The Most Colorful Thing In the Garden

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Bob Bauer
December 15, 2017 (Last Updated: ) | Reading Time: 2 minutes
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December 15, 2017

The most colorful thing in the garden this time year is the bright cranberry color of the blackberry vines. They seem to be taking over the fence line from the grapes. They don't lose their leaves in the winter so I'm getting more and more seclusion. This is good. I'm not a social animal anymore. Lots of people don't like blackberry bushes because their thorns always get you when you try to trim them back. The bushes are a significant contribution to wildlife habitat.

The rabbits and ground squirrels that make their burrows under them have a better chance of not being dug up by coyotes and dogs. All of the nocturnal four legged critters seem to enjoy their berries, judging by the scat I've seen. The birds do too. The honeybees and solitary bees visit the flowers, along with the pollinating wasps and flies. Field mice dart under when a hawk soars overhead. And, best of all, blackberry freezer jam is as easy as strawberry.

December 16, 2017

This is the time of year that some of the blackberry bushes get festive looking for Christmas. Some of their leaves turn red, and some turn yellow. Some are orange, burgundy and gold. Some turn light green and some stay dark green. It's hard not to think of a decorated Christmas tree when you see them. Several bushes together are an ideal place for the woodland rats to build a shelter. They take advantage of the vines and thorns to protect it.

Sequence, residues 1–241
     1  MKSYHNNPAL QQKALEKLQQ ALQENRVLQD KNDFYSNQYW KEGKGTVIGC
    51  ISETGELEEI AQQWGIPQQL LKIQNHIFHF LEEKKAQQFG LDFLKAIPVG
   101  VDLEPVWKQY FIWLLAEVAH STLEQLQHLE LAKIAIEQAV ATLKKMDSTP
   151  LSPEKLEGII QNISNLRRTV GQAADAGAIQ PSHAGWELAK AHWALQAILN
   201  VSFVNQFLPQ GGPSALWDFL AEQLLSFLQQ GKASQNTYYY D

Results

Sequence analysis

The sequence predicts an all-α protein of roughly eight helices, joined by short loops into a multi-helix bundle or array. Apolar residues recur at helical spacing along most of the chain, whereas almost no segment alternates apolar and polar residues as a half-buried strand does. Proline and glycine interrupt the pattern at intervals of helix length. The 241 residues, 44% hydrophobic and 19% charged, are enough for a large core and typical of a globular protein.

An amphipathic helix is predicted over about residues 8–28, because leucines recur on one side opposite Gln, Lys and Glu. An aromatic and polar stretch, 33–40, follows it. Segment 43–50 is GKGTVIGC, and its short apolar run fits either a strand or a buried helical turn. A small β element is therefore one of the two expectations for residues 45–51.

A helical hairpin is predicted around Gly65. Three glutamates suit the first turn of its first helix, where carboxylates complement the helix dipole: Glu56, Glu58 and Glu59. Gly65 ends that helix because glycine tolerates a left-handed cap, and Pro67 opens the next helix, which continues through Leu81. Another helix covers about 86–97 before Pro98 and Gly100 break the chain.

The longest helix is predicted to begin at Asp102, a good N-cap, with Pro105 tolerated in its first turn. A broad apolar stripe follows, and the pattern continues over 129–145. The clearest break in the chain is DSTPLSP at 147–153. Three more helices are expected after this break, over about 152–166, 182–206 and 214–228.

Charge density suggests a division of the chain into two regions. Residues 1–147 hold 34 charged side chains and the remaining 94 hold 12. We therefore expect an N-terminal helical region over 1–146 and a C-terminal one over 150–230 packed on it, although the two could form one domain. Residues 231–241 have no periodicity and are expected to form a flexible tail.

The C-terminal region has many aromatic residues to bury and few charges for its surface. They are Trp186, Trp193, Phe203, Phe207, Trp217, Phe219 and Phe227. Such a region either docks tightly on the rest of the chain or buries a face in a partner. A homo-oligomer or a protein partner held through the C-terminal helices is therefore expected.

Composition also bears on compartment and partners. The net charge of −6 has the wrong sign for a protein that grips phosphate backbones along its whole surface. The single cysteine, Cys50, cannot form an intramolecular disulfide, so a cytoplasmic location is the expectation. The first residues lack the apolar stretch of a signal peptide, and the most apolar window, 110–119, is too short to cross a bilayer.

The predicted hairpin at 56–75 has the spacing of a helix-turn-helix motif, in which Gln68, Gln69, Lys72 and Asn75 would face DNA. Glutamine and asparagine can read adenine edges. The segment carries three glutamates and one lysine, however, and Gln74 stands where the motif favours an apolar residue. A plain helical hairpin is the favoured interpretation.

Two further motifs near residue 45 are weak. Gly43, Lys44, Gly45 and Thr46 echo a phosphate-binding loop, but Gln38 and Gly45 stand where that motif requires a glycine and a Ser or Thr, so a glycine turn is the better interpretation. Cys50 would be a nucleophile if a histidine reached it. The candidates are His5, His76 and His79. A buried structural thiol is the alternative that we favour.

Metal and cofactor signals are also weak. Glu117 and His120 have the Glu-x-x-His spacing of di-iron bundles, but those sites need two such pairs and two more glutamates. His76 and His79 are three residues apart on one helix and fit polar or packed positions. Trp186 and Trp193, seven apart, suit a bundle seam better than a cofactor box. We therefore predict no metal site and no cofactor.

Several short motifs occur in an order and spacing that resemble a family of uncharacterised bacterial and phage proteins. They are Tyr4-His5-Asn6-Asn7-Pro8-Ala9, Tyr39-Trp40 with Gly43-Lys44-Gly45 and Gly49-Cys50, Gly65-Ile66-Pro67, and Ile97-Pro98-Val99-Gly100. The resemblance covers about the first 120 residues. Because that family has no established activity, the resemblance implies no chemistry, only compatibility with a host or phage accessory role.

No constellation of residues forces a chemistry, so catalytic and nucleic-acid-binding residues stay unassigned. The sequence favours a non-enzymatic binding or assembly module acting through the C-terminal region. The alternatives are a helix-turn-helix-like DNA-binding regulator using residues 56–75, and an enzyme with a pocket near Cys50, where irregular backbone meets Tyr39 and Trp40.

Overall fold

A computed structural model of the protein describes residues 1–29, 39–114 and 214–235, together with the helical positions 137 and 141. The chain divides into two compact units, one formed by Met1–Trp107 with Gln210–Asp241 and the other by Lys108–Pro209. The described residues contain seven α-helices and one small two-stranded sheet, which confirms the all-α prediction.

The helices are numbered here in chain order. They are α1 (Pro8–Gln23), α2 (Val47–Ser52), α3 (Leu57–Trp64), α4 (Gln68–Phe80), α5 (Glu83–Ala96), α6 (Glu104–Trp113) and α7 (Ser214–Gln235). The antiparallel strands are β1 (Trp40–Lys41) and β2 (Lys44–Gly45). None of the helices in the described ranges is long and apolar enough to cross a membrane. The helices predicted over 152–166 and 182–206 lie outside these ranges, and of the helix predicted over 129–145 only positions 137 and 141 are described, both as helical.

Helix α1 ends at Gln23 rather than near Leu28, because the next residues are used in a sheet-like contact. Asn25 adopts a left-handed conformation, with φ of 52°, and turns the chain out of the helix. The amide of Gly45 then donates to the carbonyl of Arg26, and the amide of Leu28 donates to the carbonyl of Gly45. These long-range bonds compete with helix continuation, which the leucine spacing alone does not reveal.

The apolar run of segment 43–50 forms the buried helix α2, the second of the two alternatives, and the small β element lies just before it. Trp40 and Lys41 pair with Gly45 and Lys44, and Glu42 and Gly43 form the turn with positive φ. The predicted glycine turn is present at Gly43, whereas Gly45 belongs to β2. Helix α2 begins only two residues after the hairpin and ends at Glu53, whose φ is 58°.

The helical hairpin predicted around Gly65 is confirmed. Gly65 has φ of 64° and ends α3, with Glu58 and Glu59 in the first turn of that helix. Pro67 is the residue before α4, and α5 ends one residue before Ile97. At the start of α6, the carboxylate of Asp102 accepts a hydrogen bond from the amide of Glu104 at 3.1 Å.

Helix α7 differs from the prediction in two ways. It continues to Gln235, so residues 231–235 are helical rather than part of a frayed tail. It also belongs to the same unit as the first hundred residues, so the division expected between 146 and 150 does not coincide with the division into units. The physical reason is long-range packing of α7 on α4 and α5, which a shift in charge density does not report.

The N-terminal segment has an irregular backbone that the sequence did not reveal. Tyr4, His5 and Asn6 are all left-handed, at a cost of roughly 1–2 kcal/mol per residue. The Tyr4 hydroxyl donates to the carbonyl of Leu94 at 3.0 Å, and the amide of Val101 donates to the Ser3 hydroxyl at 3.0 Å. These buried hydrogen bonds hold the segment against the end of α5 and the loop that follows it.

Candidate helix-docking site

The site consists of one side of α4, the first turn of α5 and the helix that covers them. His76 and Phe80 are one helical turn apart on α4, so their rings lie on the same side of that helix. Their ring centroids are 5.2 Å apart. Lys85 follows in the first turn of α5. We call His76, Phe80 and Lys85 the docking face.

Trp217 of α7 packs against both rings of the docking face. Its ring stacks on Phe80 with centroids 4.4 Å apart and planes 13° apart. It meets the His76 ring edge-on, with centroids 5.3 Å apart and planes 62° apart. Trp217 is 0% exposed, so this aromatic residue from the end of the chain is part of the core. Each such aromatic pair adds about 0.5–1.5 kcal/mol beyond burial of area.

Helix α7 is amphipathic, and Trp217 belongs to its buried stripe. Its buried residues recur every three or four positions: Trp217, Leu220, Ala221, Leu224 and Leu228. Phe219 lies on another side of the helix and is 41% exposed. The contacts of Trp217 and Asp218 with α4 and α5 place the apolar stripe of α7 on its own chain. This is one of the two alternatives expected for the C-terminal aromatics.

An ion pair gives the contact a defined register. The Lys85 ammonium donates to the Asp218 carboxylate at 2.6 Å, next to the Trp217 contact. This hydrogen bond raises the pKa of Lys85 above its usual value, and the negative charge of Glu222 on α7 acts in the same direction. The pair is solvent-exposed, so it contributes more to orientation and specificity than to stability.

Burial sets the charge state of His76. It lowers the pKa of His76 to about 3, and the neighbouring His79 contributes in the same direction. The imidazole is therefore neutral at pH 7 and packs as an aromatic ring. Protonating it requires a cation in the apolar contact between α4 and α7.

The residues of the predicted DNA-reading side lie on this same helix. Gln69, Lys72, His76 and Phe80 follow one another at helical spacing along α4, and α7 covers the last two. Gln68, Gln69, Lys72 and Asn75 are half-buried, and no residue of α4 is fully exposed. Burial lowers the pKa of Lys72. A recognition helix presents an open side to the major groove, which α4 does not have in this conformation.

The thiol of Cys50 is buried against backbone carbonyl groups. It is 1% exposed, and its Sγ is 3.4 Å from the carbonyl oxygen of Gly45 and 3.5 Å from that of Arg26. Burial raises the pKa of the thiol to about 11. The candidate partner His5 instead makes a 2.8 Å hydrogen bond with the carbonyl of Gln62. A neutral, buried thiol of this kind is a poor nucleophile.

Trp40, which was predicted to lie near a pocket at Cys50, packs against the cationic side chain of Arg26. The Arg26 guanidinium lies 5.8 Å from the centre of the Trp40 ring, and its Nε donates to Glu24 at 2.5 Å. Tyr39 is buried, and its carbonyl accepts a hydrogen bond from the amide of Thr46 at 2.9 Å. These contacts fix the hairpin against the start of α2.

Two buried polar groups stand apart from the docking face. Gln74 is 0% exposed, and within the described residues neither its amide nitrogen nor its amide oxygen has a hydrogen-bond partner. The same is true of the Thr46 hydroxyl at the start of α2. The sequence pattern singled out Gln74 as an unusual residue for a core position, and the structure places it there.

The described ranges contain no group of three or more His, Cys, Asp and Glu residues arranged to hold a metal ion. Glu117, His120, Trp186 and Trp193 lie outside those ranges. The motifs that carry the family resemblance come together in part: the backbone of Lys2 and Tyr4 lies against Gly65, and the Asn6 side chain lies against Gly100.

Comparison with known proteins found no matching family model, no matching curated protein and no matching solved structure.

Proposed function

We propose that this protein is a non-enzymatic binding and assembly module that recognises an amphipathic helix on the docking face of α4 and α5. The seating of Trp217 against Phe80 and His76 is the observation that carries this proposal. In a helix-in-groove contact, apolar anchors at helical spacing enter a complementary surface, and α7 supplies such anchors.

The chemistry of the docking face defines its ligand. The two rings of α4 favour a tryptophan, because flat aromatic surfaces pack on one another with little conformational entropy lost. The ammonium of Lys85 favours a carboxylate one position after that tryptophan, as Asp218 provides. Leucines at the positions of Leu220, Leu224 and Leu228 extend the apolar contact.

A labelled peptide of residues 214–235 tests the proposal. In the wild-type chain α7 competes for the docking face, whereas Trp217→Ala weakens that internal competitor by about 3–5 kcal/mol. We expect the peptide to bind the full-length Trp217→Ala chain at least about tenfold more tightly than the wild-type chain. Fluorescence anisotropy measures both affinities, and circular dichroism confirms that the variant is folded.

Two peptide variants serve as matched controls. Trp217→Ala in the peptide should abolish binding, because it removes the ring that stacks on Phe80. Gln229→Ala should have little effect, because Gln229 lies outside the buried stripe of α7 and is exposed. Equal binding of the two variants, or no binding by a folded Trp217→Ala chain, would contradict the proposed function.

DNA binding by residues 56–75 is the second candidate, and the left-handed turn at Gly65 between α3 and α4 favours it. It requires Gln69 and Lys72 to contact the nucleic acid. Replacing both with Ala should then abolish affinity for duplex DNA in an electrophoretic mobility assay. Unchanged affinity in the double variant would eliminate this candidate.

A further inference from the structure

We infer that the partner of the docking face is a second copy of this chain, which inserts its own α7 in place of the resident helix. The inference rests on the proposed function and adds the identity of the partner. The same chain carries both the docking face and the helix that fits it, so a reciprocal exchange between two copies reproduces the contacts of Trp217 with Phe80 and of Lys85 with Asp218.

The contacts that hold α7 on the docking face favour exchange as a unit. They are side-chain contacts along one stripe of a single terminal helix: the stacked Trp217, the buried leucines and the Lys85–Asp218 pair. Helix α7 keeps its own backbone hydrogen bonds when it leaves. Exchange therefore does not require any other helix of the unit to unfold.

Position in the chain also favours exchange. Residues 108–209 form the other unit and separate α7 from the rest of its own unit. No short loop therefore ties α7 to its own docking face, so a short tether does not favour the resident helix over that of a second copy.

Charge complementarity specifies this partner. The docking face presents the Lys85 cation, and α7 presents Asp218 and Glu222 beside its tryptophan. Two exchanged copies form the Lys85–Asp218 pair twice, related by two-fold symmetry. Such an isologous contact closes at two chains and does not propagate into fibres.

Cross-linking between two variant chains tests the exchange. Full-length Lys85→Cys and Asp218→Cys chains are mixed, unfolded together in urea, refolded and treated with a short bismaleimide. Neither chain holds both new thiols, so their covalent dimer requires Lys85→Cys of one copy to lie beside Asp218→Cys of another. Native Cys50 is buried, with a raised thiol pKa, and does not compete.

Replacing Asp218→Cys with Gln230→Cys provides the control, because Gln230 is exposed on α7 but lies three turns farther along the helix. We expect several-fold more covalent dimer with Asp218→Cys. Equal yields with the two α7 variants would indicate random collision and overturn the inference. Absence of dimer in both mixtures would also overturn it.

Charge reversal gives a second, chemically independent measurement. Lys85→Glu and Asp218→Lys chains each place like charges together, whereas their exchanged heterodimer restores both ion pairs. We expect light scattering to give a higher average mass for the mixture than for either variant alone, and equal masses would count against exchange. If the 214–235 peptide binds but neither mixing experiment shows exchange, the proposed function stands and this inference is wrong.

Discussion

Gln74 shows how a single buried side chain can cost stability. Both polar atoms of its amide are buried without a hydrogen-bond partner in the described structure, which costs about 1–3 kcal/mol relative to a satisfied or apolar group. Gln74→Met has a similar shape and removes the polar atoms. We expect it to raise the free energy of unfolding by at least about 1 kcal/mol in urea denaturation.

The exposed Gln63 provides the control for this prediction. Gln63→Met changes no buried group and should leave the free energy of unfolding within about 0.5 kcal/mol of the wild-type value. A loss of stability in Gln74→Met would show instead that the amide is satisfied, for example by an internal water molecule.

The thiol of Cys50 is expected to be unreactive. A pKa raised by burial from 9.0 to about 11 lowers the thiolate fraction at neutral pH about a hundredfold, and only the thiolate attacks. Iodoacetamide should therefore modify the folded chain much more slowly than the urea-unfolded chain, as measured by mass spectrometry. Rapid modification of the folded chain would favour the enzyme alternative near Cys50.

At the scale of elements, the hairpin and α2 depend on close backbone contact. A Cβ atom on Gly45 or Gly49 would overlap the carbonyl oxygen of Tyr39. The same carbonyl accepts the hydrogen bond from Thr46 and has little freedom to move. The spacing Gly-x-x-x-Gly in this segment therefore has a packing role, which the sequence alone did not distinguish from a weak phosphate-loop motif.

They even chew off foot long vines and put them around the outside of the mound so curious noses get discouraged. I once caught one in my garden ground squirrel trap, and was amazed at how big it was. It filled the trap. If it wasn't for the lack of irises, and the absence of hair on its tail, I would have thought it was a ground squirrel. Oh yeah, and it stayed perfectly still, glareing at me like the ravens did.

December 17, 2017

The first half of our winter rains have past and we're left short. The creeks aren't flowing and the ponds aren't filling. A significant amount of rain will be required this spring to make up for our shortage. This will give me another opportunity to complain about sow bugs. I learned last year that my cold frames helped them to survive to decimate all my summer starts.

The only melon and squash that I got came from direct seeding. I'll need to be patient this year and try to wait for the soil to warm up. I've also got to get the rest of the beets harvested before they get huge and tough. These cold nights have stopped their growth so I think they might begin to rot.

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